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July 26, 2011



Two others come to mind:

1) Don't sell it as something it's not. Netflix tried to spin the price hike as being the lowest price ever for DVDs. Technically it was (If you wanted a DVD package, it was minimum $10/month), but as a current customer, it looked like they were peeing on my leg and calling it rain.

2) This isn't so much an HR thing, but tell customers what's in it for them. My biggest issue with the price hike as a customer was that there was no value associated with the price hike. I'm paying more for the same thing. If (as is rumored) they increase their streaming content in the near future that's one thing, but right now there's no upside for buyers.


Chris, this is a good analogy, and I think you need to call out one more point to the learning piece at the end: Figure the long-term value of your staff into the decision.

In other words, there are different classes people at your company, and they are going to need different experiences. Highest-valued customers should be getting the best treatment. Those who are low-value for their role should be given low-value treatment.

Eric Barrett

I don't fault Netflix for making a business-based decision. It doesn't do me any good as a subscriber if they go out of business. But jacking up the pricing by 60% without much of an explanation is a terrible way to set expectations, reward customer / employee loyalty, or create any kind of satisfaction with the company.

Simply giving a realistic preview of why the change was necessary would have gone a long way to saving a lot of the blowback. Not to mention the potential millions of dollars Netflix may lose if customers are as ticked as the internets claim.

That kind of email certainly would have cost a lot less, no matter how long it took to write.

Sarah Rolph

I don't understand what people are upset about. I'm a Netflix customer and I had a positive reaction to the change.

They sent the email well in advance, it doesn't change until September, so I can think about it; if I do nothing, nothing changes.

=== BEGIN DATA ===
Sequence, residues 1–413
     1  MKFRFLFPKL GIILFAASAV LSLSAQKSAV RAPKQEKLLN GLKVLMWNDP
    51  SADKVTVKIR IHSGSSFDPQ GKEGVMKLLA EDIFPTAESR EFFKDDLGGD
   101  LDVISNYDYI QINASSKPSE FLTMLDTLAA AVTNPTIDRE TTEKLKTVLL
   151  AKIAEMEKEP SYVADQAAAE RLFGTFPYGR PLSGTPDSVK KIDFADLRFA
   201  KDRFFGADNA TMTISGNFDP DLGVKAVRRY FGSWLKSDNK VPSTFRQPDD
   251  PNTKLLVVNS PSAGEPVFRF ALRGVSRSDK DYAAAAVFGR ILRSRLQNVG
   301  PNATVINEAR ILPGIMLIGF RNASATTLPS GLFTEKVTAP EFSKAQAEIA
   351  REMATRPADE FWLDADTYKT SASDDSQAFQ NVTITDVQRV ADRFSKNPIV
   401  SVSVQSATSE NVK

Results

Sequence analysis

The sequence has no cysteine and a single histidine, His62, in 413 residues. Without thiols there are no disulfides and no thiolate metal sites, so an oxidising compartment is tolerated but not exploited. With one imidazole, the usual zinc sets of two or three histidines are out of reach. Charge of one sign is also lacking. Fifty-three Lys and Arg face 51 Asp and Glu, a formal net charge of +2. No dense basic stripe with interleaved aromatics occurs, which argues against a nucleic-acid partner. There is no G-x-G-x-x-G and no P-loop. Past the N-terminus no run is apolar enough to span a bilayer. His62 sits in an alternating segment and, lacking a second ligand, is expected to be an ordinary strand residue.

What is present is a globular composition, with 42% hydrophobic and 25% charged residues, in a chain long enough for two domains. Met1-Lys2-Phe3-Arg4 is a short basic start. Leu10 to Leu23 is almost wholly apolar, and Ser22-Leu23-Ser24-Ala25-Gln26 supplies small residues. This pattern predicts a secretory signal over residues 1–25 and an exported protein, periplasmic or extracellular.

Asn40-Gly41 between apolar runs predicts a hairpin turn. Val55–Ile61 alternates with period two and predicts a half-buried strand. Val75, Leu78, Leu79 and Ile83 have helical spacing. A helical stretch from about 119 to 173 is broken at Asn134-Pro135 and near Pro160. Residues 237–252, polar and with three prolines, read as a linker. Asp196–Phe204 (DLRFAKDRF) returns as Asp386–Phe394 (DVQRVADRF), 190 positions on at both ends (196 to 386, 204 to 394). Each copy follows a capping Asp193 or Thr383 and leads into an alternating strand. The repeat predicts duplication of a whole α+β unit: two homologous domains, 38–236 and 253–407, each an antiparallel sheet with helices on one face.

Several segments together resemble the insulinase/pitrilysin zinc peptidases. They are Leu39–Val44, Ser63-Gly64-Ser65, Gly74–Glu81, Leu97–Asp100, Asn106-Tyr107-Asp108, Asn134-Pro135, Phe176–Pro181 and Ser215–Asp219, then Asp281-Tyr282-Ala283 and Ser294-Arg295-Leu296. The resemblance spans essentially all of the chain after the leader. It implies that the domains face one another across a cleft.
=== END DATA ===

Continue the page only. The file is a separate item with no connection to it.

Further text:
They gave us free streaming for a long time; I never expected it to stay free. I don't use it much, so I can get the same number of DVDs I do now for less money by dropping the streaming. Or I can stay on the same plan and get the same thing I get now, DVDs plus streaming, for the same price.

What is the problem?


I'd add: Don't trivialize the backlash. For the Netflix spokesman to shrug off the concerns by saying (paraphrasing) 'it's the price of a latte to most people' just didn't sit right with me. If you know you have an unpopular decision to make, at least act like you care about the people who get upset. Even if it's a token gesture. Remember how far Clinton got by feeling our pain?

A Facebook User

I always felt that Netflix was kind of too good to be true and that we better enjoy the shear amount of programming for such a low price. I had the option of spending a minimum of $80 a month for programming through cable or satellite with none of the instant streaming available due to my location. Or I had the option of putting up an antenna for local stations and getting Netflix for everything else. When the price increased I wasn't surprised- it was still a good deal for our family at $6 more a month. I think we have only begun to see the costs increase in this area- internet streaming. We cannot expect to get unlimited amounts of data for one set price. Eventually the internet picnic is going to end and everyone is going to be on the same page- so much for competition. Enjoy it while we can is my motto.

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